Likewise, it is said that dependence is seeing God as He really is. Our dependence on Him is more fully felt when we get a glimpse of how others may depend on us to shown them mercy.

This was brought home to me in a forceful way a few weeks ago when someone told me, “I am at your mercy.” Hearing that left me unsettled at first, because I was viewing mercy in the same negative way that most of our society does. I thought of it as a weakness, when in fact it was a statement of incredible strength and courage.

Could I take that same strength and courage to God as I opened my own heart further towards Him? Could I overcome thinking that my admitting and accepting God’s mercy towards me was not a statement of weakness but one of dependency, that is, more fully seeing God as He really is?

Can you?


Let me end by reminding us all that God’s mercy for us is beyond our comprehension. His mercies are from the beginning of time (Ps. 25:6), renewed every morning (Lam 3:23), rich (Eph. 2:4), saving (Tit. 3:5), and triumphant over justice (James 2:13).

Our need for His mercy is just as extravagant, for we fall short of the glory He intended for us (Rom 3:23), and the gap between where we are and where He wants us to be can only be spanned by His initiative, and He took the initiative by sending Jesus to us to announce, inaugurate, and demonstrate the way we were created to live, which Jesus called living in the kingdom of God. And as the ultimate expression of His love and mercy towards us, Jesus went willingly to the cross on our behalf, endured the shame and suffering, died on our behalf, and was resurrected three days later as the source of our ultimate hope!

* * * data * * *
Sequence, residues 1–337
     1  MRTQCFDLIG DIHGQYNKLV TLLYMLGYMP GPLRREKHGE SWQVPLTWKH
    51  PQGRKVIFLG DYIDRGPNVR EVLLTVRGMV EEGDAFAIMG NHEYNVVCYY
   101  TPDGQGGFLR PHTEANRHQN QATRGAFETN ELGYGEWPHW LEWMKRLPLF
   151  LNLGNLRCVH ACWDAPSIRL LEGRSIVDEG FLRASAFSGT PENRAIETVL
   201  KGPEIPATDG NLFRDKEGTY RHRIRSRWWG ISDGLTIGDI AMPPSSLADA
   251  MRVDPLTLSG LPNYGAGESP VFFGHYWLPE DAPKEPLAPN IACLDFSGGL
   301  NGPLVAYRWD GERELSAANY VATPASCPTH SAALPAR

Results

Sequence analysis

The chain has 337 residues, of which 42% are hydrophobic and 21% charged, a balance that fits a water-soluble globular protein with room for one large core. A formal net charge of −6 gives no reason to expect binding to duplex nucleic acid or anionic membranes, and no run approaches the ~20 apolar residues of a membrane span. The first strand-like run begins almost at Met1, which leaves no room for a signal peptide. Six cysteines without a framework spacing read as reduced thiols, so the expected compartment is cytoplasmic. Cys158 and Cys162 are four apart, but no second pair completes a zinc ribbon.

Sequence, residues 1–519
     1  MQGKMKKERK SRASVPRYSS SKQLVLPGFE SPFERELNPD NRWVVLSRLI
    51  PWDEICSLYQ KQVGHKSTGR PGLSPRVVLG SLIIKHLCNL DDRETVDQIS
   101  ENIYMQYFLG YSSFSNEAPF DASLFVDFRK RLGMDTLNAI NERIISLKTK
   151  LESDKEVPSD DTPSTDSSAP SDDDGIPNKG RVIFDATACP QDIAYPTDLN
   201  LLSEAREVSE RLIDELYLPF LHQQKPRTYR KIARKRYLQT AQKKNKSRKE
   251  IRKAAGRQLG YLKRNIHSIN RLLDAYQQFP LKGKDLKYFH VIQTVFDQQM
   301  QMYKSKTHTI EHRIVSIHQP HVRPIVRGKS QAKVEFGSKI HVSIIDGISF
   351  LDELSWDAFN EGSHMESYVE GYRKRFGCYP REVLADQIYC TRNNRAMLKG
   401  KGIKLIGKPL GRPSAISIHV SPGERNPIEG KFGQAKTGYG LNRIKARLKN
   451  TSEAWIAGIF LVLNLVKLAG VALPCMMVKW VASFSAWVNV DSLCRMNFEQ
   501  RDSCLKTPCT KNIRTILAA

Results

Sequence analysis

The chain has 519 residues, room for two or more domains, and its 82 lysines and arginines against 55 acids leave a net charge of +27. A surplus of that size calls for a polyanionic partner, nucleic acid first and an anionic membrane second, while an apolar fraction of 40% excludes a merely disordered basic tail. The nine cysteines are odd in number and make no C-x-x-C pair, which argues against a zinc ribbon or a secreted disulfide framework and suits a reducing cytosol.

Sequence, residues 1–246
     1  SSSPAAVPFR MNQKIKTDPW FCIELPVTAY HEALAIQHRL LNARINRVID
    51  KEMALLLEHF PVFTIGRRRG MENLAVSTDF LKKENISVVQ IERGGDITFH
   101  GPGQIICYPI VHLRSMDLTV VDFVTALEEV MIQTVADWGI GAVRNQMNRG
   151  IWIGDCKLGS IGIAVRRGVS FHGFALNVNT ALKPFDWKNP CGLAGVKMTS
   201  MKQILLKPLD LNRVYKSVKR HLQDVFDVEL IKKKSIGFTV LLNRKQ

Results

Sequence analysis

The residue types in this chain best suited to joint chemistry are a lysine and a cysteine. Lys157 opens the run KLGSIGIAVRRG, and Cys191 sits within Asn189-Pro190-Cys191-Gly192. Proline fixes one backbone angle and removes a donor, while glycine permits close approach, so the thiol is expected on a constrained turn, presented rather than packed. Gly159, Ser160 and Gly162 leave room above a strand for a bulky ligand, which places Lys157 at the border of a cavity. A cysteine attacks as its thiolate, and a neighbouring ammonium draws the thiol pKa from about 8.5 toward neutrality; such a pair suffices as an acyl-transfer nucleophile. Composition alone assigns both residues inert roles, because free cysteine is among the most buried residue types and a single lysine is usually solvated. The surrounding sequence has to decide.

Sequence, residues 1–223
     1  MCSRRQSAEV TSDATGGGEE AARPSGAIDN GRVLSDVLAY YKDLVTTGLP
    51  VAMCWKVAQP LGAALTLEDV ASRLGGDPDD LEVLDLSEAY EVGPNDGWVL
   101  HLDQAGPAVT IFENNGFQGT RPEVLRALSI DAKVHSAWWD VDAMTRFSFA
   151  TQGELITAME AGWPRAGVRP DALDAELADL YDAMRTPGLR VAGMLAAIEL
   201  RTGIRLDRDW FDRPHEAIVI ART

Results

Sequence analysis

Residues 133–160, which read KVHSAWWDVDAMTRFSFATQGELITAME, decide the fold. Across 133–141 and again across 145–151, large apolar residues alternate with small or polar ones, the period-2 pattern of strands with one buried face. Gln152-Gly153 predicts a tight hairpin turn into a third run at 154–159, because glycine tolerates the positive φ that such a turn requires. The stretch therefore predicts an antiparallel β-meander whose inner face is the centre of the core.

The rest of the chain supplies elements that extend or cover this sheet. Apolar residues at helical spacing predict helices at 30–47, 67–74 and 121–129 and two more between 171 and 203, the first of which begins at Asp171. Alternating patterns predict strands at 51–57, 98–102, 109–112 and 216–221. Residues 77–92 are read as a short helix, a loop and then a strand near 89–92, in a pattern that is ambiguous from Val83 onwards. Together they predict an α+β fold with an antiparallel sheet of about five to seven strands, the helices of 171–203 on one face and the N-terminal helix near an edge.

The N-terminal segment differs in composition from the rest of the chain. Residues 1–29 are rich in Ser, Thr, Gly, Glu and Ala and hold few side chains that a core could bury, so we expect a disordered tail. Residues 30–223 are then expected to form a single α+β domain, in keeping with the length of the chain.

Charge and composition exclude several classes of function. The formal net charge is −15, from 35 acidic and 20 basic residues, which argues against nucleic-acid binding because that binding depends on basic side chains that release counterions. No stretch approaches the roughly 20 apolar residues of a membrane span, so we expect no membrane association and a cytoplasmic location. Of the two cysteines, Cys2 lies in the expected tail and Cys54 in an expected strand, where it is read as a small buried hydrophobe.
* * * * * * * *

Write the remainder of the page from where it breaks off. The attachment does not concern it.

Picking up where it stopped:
Why don’t we take some time this week to go before God in prayer, specifically asking for and yielding ourselves to His mercy. His mercy never fails. It’s all around us, waiting for us to open up enough to receive it. You’ll be giving up some of those “deadly needs” I wrote about earlier. You’ll be giving up some pride, ego, and sense of control. But true blessing doesn’t come from those, remember?

In closing, let me offer a prayer of forgiveness and mercy. If you’ve attended a liturgical church, you may be familiar with the prayer and prayed it with the rest of the congregation. Pray it as written, or use it as a guide to compose a more personal prayer of your own.

Have mercy upon us, most merciful Father;

in your compassion forgive us our sins,

known and unknown,

things done and left undone;

and so uphold us by your Spirit

that we may live and serve you in newness of life,

to the honor and glory of your Name;

through Jesus Christ our Lord. Amen.

For those having difficulty forgiving or showing mercy to someone else, let me rewrite the prayer, keeping the same outline but changing some of the words.

[Name], I choose to forgive you, all feelings aside;

I feel compassion for you and your situation and forgive you whatever wrong you’ve done to me, things I know about; things I don’t know about,

things you’ve done and things you may have neglected to do;

I look to God to uphold us both by His Spirit

that we may continue our relationship anew,

and thereby give honor and glory to His Name;

through Jesus Christ our Lord. Amen.

Remember, God’s mercy towards us (the first prayer) cannot be fully experienced unless it flows through us to others (the second prayer).

If you would like to continue the conversation, especially if you’ve prayed either or both of these prayers, drop us an email at SaltRadioMinistries@gmail.com. We’d love to hear from you.